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Vol. 78 - No. 10
October 2007

WORD FROM THE PASTOR:             

Prayer Works!
                 Last month, when we commemorated the attacks of Sept. 11, many people noted that there
have been no further assaults on our country since that day six years ago. These comments were made
with a sense of relief, but also of surprise. If you remember the days after 9/11, we fully expected that
“they’ll hit us again”. And we waited for the other shoe to drop...and waited...and waited... But since
9/ll, our homeland has dwelt in peace.
                Certainly credit for this belongs to our military, intelligence, and law enforcement services.
They have foiled many plots before they could develop into full-scale attacks, and we thank God for
their work in keeping our nation safe.
                However, I think that in explaining our nation’s safety since 9/11, we also have to give credit
to God, for listening to our prayers!
                Immediately after 9/11, we at St. Paul’s began praying for the safety and security of our
nation. It’s a rare week that we don’t have a prayer in our worship for God to protect our country
from danger and attack. I suspect that, since 9/11, just about every other congregation has included
the same petition in their prayers. And those prayers have been heard. We cried out to God to protect
our nation–and God has spared our nation from further harm. (This doesn’t take any credit away from
our military, intelligence and law enforcement agencies–God can help them in their work and use
them as His instruments).
                Before the hurricane season of 2006, most forecasters spoke of the probability of many storms
forming and hitting our coastline. They especially talked about the virtual inevitability of a large
storm hitting Long Island. In response to this, I began what I hope will be a tradition in our
congregation–the “hurricane season prayer”, which I’ve offered in June of 2006 and June of 2007.
In that prayer, we ask God to spare the coastlines of our nation from devastating storms. And what’s
happened in the wake of our prayers? The 2006 hurricane season was practically non-existent. The
2007 season has been busier–Hurricanes Dean and Erin claimed about 60 lives between them
(certainly a tragedy for every family involved)--and there remains the possibility of a late-September
storm (I’m writing these words on Sept. 19). But this season has not spawned the numerous,
massively destructive storms everyone predicted. Again, I think God has heard the prayers of His
people, and granted their requests.
                Prayer does work! A few years ago, I had a Baker’s cyst on my knee, causing a lot of pain
and swelling. A member of our congregation came to our home and prayed for me–and in a short
while, the cyst was gone! Once a lady I know was diagnosed with pancreatic cancer–we prayed
together, and a few weeks later an x-ray revealed that the cancer was gone. Prayer does work!
                It may sound arrogant to say, “There hasn’t been an attack since 9/11 because we’ve prayed”,
or “There hasn’t been a major hurricane in the U.S. because we’ve prayed”. But it’s not arrogance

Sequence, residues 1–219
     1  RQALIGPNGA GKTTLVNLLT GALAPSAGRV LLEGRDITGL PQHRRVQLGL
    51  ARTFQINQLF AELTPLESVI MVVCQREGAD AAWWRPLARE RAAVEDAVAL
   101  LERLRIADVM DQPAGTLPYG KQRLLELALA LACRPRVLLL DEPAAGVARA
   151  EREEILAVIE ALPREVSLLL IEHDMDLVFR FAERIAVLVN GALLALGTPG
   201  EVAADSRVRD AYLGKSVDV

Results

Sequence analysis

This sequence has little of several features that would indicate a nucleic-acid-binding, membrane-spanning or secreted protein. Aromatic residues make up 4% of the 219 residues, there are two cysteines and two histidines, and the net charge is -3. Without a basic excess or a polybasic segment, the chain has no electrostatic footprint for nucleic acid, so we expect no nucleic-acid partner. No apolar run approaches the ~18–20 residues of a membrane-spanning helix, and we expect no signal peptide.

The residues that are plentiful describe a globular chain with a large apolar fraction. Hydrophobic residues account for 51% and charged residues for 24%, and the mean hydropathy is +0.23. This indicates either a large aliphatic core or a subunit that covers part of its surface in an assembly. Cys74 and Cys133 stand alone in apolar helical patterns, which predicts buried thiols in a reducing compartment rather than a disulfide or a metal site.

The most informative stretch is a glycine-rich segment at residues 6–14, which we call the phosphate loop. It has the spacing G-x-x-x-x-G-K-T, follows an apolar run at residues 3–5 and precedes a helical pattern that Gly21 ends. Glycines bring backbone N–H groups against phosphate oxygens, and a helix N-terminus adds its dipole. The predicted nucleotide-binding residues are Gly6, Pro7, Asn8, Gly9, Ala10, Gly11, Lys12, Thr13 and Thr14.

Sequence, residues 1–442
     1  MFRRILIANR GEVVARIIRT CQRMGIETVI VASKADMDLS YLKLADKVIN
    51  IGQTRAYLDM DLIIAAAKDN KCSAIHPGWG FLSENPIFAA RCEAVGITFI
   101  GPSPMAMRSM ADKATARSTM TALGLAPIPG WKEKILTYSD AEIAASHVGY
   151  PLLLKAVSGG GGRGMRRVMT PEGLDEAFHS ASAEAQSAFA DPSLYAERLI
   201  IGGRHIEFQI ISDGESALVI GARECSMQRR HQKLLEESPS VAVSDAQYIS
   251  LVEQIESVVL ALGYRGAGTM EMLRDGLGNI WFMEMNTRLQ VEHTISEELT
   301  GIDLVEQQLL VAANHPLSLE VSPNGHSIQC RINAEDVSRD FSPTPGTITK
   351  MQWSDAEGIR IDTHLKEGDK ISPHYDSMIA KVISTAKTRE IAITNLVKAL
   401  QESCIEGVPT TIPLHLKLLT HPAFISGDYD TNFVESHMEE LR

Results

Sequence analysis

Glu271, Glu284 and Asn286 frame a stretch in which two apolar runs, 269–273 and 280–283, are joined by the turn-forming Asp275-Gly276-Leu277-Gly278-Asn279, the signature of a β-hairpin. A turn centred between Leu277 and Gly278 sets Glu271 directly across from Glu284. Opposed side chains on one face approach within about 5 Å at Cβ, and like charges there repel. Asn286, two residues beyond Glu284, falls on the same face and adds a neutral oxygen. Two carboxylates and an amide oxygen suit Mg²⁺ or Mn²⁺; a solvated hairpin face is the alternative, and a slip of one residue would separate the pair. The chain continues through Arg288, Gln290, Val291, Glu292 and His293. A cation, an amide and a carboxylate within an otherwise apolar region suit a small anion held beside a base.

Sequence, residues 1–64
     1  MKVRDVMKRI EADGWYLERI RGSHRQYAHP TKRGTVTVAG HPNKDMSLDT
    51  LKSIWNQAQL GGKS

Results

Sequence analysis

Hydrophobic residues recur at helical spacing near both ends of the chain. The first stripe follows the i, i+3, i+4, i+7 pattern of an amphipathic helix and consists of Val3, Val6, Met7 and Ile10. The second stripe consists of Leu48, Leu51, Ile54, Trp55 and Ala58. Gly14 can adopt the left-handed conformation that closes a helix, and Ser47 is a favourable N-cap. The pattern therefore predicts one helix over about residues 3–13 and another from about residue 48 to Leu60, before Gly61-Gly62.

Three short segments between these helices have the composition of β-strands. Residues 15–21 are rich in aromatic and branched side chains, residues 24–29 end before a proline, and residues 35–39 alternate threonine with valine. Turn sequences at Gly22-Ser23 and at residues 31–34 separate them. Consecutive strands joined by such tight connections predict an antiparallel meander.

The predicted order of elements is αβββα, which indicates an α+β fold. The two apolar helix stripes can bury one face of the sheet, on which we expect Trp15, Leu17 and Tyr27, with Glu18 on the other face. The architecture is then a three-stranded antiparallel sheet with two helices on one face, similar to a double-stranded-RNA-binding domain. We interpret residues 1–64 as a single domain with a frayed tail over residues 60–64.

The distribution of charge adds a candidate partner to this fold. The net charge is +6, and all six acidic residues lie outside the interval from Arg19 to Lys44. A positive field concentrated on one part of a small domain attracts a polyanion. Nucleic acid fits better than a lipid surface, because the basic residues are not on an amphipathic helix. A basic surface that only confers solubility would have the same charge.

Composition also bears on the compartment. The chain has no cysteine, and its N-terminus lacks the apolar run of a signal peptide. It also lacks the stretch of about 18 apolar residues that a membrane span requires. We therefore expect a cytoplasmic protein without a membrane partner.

at all–it’s confidence that God listens and responds. As the poet Tennyson said, “More things are
wrought by prayer than this world dreams.”
                There’s a story I love to tell about a pastor making a hospital visit to a lady who couldn’t
walk. He stood by her bed, took her by the hand and prayed: “Lord God, bring her healing, renew her
and restore her if it be your will. But if it’s not your will, then give her the strength to bear her
affliction.” The woman suddenly leapt off the bed and began dancing around the room. “I’m
walking!” she cried. “I can walk again! The pastor healed me! The pastor healed me!” As she
danced down the hall, the Pastor quietly left the room and went down to his car. Before getting into
the car, he paused, looked up toward heaven, and said with annoyance: “Don’t You ever do that to me
                That story pokes gentle fun at those who pray but don’t have real confidence in the power of
prayer (especially if they are pastors!) And it should remind us that prayer does work. We can always
pray to God with confidence–as Jesus says in the Scriptures, “You can ask for anything in my name,
and I will do it.” (John 14:13).

                We should not take that as a blank check–we always have to pray with the understanding that
God will answer our prayers according to His will. That’s why we pray in the Lord’s prayer, “Thy
will be done.” My will can never override His will. That’s why not every prayer is “answered” the
way we’d like it to be–because not everything we ask reflects His will. We see this most powerfully
in the scene in the Gospels where Jesus prays in Gethsemane. It’s Thursday night; the next day, Good
Friday, Jesus will face the cross. And so He cries out: “Father, if it is possible, let this cup pass
from me.”
(Matthew 26:39). Jesus was praying to be delivered from the cross. But then He added:
“Yet not my will, but thy will, be done.” So Jesus submitted to the Father’s plan for the salvation
of the world–and He went to the cross for you and for me. Even Jesus prayed “Thy will be done.”
And that’s the attitude we take in our prayers.
                Still, we want to be confident that God hears. He tells us, “Call upon me in the day of
trouble; I will deliver you and you will honor me” (Psalm 50:15).
So we will continue to pray that
God would shield us from terror attacks and hurricanes and other calamities. And we will give Him
glory, for He always listens to our prayers.
                God loves you and so do I!

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